People nowadays interact on social media platforms through texts, pictures, likes, GIFs and emojis. But what if video reactions were added to the mix?

Bernard Tan has always tried to make sense of the world through human connections. The Australian designer, writer, photographer and traveler imagined a social platform that could connect people globally through videos.

This is why ReCactus was created. The News Lens talked with Tan, CEO of the social media app company, to learn more about developing the app in Taiwan.

The News Lens International (TNLI): What is ReCactus and what does it do?

Bernard Tan: You can think of ReCactus like Instagram for reaction videos. A platform you can watch, share, create and explore reaction videos.

If you want to react to a video, all you need to do is to search the video, when the video pops up, the camera will automatically turn on. You can react to any videos anytime and anywhere.

TNL: What inspired you to create the app?

Tan: Back in 2015, there was no such app to record people’s reactions. If you want to react to certain videos, you had to first download the video and record your reaction, then re-upload it onto YouTube. At the time I figured, wouldn’t it be cool if you can do it on your phone and just stream it through YouTube? All you need to do is record it and play back.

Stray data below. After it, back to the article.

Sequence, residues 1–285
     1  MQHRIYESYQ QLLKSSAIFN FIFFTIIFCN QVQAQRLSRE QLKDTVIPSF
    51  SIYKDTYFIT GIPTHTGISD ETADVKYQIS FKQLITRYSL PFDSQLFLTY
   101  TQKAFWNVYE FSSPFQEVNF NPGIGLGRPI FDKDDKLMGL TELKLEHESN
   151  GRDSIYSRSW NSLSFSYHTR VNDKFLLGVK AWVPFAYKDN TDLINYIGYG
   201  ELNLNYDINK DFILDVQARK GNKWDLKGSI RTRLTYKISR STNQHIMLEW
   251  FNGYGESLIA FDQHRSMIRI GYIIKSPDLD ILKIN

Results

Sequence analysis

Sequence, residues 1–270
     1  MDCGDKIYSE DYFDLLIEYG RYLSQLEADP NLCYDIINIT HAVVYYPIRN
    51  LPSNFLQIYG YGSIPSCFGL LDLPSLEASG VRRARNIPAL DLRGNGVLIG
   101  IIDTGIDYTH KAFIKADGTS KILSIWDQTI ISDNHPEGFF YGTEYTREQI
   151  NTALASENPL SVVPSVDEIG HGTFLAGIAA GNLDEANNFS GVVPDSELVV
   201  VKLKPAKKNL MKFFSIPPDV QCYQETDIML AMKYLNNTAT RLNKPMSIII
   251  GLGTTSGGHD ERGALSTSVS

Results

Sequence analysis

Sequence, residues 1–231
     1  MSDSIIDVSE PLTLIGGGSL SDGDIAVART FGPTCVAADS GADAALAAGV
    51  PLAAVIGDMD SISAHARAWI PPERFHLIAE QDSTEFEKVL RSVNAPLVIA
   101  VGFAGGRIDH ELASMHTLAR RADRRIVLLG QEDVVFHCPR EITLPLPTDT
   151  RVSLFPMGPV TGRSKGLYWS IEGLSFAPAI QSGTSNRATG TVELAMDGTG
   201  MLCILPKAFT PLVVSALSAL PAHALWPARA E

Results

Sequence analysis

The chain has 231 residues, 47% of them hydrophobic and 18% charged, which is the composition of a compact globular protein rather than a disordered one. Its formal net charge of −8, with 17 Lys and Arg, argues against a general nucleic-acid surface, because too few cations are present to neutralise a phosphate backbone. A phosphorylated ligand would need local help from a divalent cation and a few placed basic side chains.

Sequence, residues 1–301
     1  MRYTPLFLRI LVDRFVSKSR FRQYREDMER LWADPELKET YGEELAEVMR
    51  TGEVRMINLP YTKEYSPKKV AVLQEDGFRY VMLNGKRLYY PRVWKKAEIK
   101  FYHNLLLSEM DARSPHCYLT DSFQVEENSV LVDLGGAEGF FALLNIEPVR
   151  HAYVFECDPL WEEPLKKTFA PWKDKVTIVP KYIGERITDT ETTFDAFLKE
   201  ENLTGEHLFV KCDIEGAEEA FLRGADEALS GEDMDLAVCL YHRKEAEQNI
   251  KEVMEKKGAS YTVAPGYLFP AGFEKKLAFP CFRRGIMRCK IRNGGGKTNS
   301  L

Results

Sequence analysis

The reason I turned my idea into a product is that I care very much about human connection. I noticed that when people tweet or blog, they try to express what they think, but in fact, people want more than that.

For me, I just see my product as the next step. Instead of just liking or commenting, people need something new. That’s why Facebook added the reacting emoji because people have different emotions in different situations. That is, engaging and interactive — to actually see people’s expressions. I was trying to solve a problem, so I created this product for everybody to change the way they interact on social media.

TNL: What’s the core value of your company?

Tan: People first.

TNL: What is your user profile?